China – Thinking Outside the Box
By David Nelson, CFA CMT
One look at a chart will tell you we’ve broken out above important resistance which now becomes support. Of course, it begs the question what’s really changed. Economic data is mixed at best. Early last week we had a negative ISM report coming in at 49.1 showing contraction in the manufacturing sector. I think the trade dynamic is well understood and with 40% of S&P 500 Revenue offshore it’s not surprising it’s starting to hit the homeland. (More on China shortly)
S&P 500 1 Year
Thursday’s ISM services number was strong but clearly the best thing going for our markets is the U.S. consumer. With back two back to back monster retail sales numbers along with good reports from two of the largest Target (TGT) and Walmart (WMT) bulls can still point to the most important leg of the stool standing firm. Nevertheless, to keep your wallet open and confidence high you need a job.
Friday’s report showed non-farm payrolls coming in at 130k a bit light but maybe hit the sweet spot. Not enough of a miss to stoke fear the train is coming off the tracks and not hot enough for the Fed to abandon dovish policy. Only 3% of economists believe the Fed won’t cut rates this month with consensus expecting 25bps. The Fed is in the middle of unwinding last year’s policy mistake and at present I expect 2 more cuts this year. Another positive was wages coming in at +0.4% and +3.2% year on year.
Last week’s rally came on the heels of a nearly 4% pop in Hong Kong shortly after Carrie Lam head of HK completely scrapped a controversial extradition bill. The mass riots in Hong Kong with tens of thousands taking to the street has riveted the world to the growing rift between HK and the mainland. One country two system policy works right up until the time it doesn’t.
Thinking outside the box
For some it was a sign that Beijing blinked and now some are wondering if Xi is starting to cave on trade. Suddenly we have a meeting set for October and Thursday we were off to the races risk on. On Friday, I had the pleasure of joining Nuveen’s Chief Equity Strategist Bob Doll on Yahoo Finance TV who pointed out that this is the 14th time negotiations have been set up between the two superpowers.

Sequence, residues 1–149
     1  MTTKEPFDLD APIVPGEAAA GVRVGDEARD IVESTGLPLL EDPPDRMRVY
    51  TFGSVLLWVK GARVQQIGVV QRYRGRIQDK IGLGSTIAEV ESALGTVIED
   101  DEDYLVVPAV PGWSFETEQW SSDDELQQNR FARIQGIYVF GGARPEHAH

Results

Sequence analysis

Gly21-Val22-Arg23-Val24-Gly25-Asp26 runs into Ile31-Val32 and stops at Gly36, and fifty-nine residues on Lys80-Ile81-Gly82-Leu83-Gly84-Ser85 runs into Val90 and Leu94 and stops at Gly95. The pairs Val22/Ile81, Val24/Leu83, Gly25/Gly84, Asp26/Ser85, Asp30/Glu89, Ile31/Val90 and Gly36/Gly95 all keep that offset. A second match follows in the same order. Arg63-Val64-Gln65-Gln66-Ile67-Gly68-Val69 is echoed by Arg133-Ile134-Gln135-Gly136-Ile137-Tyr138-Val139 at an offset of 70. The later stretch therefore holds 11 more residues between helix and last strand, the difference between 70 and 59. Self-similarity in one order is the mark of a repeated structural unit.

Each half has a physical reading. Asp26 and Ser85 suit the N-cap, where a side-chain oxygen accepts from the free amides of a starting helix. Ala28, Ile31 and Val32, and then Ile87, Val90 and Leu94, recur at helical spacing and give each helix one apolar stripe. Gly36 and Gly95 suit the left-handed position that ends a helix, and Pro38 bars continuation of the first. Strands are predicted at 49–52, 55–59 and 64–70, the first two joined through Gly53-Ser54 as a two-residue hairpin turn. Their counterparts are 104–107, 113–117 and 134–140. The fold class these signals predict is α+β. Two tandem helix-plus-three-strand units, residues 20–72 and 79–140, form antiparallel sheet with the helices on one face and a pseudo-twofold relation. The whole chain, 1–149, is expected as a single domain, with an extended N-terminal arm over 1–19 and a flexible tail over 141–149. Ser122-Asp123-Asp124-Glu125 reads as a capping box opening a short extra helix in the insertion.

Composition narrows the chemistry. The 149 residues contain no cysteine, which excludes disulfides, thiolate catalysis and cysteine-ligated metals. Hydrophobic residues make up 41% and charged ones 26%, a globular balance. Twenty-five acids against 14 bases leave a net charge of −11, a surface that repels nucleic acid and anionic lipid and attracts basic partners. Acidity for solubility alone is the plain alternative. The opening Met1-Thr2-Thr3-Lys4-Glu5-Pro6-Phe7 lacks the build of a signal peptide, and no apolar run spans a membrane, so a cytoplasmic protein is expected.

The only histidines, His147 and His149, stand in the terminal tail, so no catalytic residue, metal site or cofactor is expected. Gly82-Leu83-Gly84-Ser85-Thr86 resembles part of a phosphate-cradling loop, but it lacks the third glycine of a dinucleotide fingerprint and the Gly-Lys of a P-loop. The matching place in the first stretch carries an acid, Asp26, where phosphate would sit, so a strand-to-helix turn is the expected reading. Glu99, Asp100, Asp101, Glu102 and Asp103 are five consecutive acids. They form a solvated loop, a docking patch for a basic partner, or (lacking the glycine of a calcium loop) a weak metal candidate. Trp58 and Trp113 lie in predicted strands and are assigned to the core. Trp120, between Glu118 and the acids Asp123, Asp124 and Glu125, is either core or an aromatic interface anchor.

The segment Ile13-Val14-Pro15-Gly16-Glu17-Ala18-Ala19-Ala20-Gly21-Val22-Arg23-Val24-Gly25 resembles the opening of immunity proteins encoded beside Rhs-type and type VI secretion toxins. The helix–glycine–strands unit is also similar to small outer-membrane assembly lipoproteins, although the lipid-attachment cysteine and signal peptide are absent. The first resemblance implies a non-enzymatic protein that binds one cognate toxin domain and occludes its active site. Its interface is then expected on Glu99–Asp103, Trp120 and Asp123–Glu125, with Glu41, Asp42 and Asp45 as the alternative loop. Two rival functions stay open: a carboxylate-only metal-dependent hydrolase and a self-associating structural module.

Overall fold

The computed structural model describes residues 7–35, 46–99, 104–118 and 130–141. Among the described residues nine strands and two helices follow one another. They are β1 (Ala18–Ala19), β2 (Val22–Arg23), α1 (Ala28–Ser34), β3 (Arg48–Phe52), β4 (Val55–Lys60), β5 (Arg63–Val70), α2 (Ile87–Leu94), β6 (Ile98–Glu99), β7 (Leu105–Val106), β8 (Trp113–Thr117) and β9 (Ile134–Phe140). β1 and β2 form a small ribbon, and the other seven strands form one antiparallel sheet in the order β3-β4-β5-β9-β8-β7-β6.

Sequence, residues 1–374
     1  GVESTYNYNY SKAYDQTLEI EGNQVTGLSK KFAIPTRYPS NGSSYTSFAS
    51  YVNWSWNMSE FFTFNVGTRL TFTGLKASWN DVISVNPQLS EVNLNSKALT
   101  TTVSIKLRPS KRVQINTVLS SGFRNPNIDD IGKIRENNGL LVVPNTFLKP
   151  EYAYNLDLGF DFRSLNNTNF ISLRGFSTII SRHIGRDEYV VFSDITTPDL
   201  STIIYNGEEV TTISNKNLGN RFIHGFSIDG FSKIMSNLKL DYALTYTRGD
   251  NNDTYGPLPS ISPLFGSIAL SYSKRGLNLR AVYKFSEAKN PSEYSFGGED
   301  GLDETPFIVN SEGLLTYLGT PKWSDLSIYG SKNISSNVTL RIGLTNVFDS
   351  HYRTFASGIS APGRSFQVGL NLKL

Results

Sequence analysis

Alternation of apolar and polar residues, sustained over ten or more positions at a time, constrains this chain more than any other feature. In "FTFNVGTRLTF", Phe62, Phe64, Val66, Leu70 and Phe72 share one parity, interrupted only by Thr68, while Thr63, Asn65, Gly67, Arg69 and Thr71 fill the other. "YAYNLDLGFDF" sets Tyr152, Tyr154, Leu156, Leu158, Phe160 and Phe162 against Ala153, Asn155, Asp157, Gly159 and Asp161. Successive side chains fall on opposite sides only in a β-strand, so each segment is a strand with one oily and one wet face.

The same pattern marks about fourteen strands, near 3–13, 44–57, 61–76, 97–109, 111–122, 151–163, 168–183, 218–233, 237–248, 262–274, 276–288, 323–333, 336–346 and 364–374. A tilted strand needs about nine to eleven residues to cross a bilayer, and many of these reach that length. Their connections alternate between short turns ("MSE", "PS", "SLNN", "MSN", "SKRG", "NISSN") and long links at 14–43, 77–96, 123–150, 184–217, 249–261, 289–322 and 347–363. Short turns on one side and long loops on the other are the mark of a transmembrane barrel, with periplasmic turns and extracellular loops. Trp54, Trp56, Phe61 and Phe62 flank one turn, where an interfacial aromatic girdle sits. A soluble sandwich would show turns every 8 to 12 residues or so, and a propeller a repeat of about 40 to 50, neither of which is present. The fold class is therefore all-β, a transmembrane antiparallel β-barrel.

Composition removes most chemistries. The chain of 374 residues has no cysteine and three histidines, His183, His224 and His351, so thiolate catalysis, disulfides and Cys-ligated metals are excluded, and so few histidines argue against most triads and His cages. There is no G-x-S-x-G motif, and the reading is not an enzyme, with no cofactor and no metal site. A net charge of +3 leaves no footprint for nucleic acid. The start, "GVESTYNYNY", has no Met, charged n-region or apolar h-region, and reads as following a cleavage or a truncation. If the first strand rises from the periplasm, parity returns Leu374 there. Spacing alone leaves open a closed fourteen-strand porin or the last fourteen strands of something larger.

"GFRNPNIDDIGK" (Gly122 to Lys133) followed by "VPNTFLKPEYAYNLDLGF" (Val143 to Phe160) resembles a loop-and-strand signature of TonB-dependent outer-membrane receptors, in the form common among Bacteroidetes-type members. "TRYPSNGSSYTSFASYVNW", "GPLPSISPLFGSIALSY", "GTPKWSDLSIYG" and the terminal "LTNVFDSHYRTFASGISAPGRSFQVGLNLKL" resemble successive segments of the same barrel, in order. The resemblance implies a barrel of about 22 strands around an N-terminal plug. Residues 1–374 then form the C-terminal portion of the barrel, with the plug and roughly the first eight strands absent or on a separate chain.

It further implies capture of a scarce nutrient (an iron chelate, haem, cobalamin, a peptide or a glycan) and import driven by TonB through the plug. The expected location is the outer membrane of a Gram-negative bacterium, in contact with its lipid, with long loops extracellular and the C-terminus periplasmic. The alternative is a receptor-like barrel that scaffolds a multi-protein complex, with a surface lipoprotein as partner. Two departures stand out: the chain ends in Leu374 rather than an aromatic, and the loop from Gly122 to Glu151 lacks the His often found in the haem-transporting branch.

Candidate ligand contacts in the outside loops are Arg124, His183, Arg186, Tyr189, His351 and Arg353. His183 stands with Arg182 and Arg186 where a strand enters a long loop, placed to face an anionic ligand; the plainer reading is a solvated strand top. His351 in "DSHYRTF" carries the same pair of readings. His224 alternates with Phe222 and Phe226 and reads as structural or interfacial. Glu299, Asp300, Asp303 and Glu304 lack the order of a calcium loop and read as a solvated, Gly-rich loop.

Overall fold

We’ve been down this road so let’s think outside the box for the moment. Herve van Caolen portfolio manager for the Mercator International Opportunity Fund had maybe the best observation. October marks the 70th anniversary of the Chinese Communist Party and the last thing they want is the focus to be on riots in Hong Kong and deteriorating trade conditions with the United States. Early on it was clear that the calculus for Xi was to push this closer to the 2020 election hoping for a chance to negotiate with someone from the other side of the aisle and maybe a more friendly voice. That may prove to be a fatal mistake.
Given the above my post from last week takes on added significance. Communication Breakdown points out a recent Wall Street Journal Poll showing 60% of Americans now view China as an economic and military adversary. With sentiment changing it’s not surprising Senate Minority Leader Chuck Schumer and Senator Warren are also vocal critics of China. Candidates can read polls and if there’s truly been a shift in public sentiment others will come on board. Next year’s election may end up being a referendum on which party would be tougher and I think Xi understands that.
*At the time of this post some funds managed by the author were long Target